The women then discuss their problems with opiates, the difference between liquid and pill morphine (the consensus among them is that the liquid form is “worst”), and inevitably, their children’s or other relatives’ addictions.
The conversation shifts to the pros and cons of Percocet versus Nortab and the generic versus brand name (one woman swears there’s a difference). “It” – I can’t hear which she is talking about – “calms my nerves down more.” As the waiting room thins, conversation drops off as there is no longer a critical mass. The group-in-formation reverts to seriality, to use Sartre’s terms from “The Critique of Dialectical Reason.” Those left sit silently, lost in private thoughts or, bored, repetitive thumb-clutched cell phones.
But then one of the women from the earlier collective discussion comes out from the examination rooms, waiting for her husband. She sits next to me and strikes up a conversation. No one else looks up or joins in, but at least there is some human connection in the waiting room now. She’s 65 years old, with blond hair pulled back in a ponytail, wearing pastel polyester shorts and blouse. Says she feels lucky to be alive because all her brothers and her father died in their fifties from heart attacks. Grew up in a large family, with six brothers; she was the only girl. The family moved to rural Florida when she was six. They were so poor they couldn’t afford shoes and at seven, she was working part-time odd-jobs in summer to pay for clothes to go to school in fall.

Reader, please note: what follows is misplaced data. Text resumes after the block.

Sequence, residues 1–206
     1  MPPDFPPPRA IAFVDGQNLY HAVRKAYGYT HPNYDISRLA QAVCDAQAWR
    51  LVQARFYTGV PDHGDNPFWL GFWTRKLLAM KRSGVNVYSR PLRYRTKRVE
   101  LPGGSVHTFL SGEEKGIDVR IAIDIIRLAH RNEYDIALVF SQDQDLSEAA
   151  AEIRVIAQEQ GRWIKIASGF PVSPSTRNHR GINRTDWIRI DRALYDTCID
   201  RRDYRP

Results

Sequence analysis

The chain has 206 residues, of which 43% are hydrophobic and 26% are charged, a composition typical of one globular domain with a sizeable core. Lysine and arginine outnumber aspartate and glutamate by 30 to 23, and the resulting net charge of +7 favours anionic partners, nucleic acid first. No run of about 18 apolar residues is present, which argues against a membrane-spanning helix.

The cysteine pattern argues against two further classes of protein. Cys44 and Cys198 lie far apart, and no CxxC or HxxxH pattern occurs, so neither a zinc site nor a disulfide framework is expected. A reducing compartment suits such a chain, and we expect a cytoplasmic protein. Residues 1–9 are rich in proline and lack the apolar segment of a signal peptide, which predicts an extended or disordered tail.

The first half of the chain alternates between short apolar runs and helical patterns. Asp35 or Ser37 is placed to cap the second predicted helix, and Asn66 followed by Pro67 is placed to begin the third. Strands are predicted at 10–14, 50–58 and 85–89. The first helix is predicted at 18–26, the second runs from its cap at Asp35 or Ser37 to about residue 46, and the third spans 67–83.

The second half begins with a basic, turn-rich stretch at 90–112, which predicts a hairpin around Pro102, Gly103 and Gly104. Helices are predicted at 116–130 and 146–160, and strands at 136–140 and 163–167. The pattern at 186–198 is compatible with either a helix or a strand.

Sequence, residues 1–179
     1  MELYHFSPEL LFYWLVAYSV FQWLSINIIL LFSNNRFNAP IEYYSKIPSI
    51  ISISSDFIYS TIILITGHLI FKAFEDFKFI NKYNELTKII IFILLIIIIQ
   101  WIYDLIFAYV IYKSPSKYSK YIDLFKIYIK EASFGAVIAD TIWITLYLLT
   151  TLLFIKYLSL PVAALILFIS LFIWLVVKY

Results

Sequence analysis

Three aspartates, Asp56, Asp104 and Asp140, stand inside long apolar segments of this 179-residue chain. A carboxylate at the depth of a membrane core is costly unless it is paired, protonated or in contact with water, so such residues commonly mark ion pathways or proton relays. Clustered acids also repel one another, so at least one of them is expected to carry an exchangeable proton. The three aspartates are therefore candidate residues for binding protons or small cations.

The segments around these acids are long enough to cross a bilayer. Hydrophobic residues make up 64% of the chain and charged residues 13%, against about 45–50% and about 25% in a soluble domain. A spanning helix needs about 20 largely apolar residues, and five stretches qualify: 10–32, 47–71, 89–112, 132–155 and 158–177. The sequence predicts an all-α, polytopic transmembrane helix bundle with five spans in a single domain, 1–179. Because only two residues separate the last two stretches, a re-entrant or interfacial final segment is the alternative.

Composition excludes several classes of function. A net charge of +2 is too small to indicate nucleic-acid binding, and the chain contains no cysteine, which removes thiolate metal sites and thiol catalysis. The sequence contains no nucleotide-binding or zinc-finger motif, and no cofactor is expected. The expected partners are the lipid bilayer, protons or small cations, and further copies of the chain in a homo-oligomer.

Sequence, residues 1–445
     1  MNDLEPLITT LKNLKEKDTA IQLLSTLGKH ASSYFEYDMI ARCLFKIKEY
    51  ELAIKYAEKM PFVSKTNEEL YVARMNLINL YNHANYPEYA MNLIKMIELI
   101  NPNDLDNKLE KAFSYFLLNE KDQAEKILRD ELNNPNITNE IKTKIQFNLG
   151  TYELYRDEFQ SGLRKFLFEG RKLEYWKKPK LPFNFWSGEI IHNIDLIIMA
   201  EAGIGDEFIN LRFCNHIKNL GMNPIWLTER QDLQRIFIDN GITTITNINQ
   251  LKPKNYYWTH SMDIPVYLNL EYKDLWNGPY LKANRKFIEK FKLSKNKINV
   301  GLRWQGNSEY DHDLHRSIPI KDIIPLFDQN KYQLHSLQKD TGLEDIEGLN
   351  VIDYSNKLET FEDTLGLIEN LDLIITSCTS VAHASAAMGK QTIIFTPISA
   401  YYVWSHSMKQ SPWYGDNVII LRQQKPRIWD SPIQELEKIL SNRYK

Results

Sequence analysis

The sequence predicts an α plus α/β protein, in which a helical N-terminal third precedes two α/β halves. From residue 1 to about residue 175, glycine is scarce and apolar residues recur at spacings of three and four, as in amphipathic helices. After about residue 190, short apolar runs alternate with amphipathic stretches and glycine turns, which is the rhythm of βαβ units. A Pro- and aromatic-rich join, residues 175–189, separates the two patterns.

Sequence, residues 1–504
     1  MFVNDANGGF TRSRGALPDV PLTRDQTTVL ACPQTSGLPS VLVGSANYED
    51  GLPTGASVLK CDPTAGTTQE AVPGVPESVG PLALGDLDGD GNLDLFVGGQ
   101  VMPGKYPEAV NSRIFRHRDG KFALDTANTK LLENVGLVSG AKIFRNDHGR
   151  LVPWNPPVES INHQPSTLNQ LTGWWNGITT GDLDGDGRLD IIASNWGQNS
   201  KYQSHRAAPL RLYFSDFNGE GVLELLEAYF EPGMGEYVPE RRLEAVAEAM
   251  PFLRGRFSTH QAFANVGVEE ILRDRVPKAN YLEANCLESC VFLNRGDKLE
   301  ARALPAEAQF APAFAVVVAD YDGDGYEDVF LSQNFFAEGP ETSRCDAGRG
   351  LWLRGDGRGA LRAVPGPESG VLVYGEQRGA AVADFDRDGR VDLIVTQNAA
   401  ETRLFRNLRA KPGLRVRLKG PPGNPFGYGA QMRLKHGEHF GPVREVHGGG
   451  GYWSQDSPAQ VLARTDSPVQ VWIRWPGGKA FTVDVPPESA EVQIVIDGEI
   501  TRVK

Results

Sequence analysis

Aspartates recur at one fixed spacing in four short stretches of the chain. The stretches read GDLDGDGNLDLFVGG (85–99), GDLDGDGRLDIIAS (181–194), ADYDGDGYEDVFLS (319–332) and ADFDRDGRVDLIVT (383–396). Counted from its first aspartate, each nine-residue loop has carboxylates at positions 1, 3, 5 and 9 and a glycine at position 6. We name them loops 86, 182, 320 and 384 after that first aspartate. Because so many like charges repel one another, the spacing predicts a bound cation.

Growing up in an all-male household toughened her to life’s disappointments. War and cowboy movies were her main entertainment. Her father said never to be dependent on a man and that she must always earn her own money. Later, she got married and moved to Boaz, because her husband grew up there. Yet she couldn’t find a job – when she went to the local employment office, they told her “we take care of our own first.”
The hostility to outsiders in small-town Boaz blocked all opportunities. She said she was on the “verge of suicide” – her specific words – when their landlord intervened and landed her a job at the local shuttle-mill (textiles), where she worked for 34 years. I asked her if that was hard work, because it sounded like it was, and she said “yes” and proceeded to describe in precise detail everything performed on the production line. She showed me the faded scars from the shuttles smashing into her arms.
Then her husband came out, oxygen tank in tow, and as she left to help him to the car, she turned and smiled, saying “Have a blessed day.”
1. The tangled, sordid story worthy of a B-movie script can be read in this article: Washington Post. (April 24th, 2019).”The betrayal: How a lawyer, a lobbyist and a legislator waged war on an Alabama Superfund cleanup” Retrieved from https://www.washingtonpost.com/national/health-science/the-betrayal-how-a-lawyer-a-lobbyist-and-a-legislator-waged-war-on-an-alabama-superfund-cleanup/2019/04/24/834087ae-4c1a-11e9-9663-00ac73f49662_story.html?utm_term=.636305684d46
2. WHNT (June 19th, 2019). “State of Alabama Permitted 3M to Release Toxic Chemicals Into the Tennessee River, Records Show.” Retrieved from https://whnt.com/2019/06/19/state-of-alabama-permitted-3m-to-release-toxic-chemicals-into-tennessee-river-for-years-records-show/